Animal Abuse Studies

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Series description

In recent years there has been an explosion of interest in green criminology and animal studies. That said, the subject of animal abuse is still relatively neglected in the literature despite evident interest in the subject, demonstrated by its emergence as new conferences streams, networks, university courses and animal-centred journals such as Society and Animals and Anthrozoos. As our knowledge of animals expands, we now know that many animals can feel and experience much of what we once considered to be ‘human’ emotions, awareness and cognition. This compels us to raise questions about our speciesist treatment of animals and their right not to be used and abused by us.

Animal abuse, in its broadest forms, sits squarely within criminological interests, but also spans many varied disciplines. This series provides, for the first time, a ‘home’ for advanced texts on specific types of animal abuse and on the themes that run through animal abuse studies.

The series is:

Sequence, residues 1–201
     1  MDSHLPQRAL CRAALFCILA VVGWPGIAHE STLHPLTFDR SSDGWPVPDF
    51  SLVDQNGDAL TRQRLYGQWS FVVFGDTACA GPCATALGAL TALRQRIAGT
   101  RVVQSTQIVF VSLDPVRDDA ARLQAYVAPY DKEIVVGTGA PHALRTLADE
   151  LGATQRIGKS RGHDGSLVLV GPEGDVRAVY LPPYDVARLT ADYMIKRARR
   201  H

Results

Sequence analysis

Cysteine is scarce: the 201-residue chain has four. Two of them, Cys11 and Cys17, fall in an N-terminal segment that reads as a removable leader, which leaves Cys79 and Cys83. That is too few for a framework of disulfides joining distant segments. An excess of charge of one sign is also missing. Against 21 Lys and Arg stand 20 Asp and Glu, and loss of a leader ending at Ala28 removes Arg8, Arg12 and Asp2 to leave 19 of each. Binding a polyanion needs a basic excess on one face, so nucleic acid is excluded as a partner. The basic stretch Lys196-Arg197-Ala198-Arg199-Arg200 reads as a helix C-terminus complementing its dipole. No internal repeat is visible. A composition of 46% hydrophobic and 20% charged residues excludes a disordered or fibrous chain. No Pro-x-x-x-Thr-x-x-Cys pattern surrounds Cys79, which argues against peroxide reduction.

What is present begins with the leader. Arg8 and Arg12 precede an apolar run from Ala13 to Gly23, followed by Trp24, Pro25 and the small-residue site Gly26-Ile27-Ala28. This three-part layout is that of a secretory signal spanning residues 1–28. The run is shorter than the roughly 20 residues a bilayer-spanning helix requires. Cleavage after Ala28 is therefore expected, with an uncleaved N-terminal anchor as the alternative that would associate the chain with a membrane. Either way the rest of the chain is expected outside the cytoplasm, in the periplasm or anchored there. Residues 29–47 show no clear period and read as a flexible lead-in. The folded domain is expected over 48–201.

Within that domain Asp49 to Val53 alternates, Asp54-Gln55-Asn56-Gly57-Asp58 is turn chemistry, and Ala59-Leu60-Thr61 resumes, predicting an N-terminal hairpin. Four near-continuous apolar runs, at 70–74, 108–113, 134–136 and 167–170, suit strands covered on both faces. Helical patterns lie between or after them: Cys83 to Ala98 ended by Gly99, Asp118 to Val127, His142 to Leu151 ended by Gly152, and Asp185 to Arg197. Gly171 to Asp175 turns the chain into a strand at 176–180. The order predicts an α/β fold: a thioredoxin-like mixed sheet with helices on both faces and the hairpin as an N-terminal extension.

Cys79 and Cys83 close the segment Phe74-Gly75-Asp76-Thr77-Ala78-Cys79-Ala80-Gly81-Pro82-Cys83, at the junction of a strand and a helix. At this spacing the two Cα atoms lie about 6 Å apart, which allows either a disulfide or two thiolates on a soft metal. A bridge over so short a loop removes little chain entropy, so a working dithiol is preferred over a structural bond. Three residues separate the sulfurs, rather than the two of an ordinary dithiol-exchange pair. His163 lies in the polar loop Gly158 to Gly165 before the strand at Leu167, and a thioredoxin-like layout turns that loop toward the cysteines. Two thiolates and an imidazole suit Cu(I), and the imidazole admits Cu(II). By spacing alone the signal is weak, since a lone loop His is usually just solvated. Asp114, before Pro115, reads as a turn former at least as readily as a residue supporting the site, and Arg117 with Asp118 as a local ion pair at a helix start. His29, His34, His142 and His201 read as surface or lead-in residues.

• Creative, open-minded and boundary pushing in terms of defining what encompasses animal abuse
  • Multi-disciplinary - spanning criminology, law, sociology, psychology, history, moral philosophy, animal studies (sometimes termed “human-animal studies”), conservation and environmental studies
  • International, in particular actively encouraging submissions from authors in the Global South
  • Enthusiastic about diversity and variety among our authors - established or and up-and-coming, from academia, practice or the voluntary sector
  • Critical of research, theory, policy, law and practice with a view to furthering our knowledge of animal abuse in its many forms and what our responses should be
  • Supportive of innovation in the development of research methods and the presentation and dissemination of research
  • Encourages authors to consider the Real Impact of their research findings, with a view to preventing and reducing animal abuse and supporting animal victims

To submit a proposal to this series, please contact the series editor via email:

Harriet Pierpoint
University of South Wales, UK
Email Harriet

Jenny Maher
University of South Wales, UK
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Piers Beirne
University of Southern Maine, USA
Email Piers